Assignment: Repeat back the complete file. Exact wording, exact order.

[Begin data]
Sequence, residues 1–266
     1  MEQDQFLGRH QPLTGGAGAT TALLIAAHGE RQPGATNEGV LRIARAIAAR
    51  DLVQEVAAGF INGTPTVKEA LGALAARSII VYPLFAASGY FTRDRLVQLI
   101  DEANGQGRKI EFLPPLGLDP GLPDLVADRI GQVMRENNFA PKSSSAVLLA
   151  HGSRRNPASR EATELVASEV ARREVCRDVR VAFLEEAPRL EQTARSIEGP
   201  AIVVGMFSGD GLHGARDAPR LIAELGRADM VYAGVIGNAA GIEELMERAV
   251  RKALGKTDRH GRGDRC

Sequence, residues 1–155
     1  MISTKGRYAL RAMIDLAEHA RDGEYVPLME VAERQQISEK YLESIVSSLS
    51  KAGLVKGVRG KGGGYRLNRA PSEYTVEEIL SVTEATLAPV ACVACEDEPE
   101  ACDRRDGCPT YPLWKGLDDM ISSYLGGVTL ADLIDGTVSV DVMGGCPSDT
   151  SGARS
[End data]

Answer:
Sequence, residues 1–266
     1  MEQDQFLGRH QPLTGGAGAT TALLIAAHGE RQPGATNEGV LRIARAIAAR
    51  DLVQEVAAGF INGTPTVKEA LGALAARSII VYPLFAASGY FTRDRLVQLI
   101  DEANGQGRKI EFLPPLGLDP GLPDLVADRI GQVMRENNFA PKSSSAVLLA
   151  HGSRRNPASR EATELVASEV ARREVCRDVR VAFLEEAPRL EQTARSIEGP
   201  AIVVGMFSGD GLHGARDAPR LIAELGRADM VYAGVIGNAA GIEELMERAV
   251  RKALGKTDRH GRGDRC

Sequence, residues 1–155
     1  MISTKGRYAL RAMIDLAEHA RDGEYVPLME VAERQQISEK YLESIVSSLS
    51  KAGLVKGVRG KGGGYRLNRA PSEYTVEEIL SVTEATLAPV ACVACEDEPE
   101  ACDRRDGCPT YPLWKGLDDM ISSYLGGVTL ADLIDGTVSV DVMGGCPSDT
   151  SGARS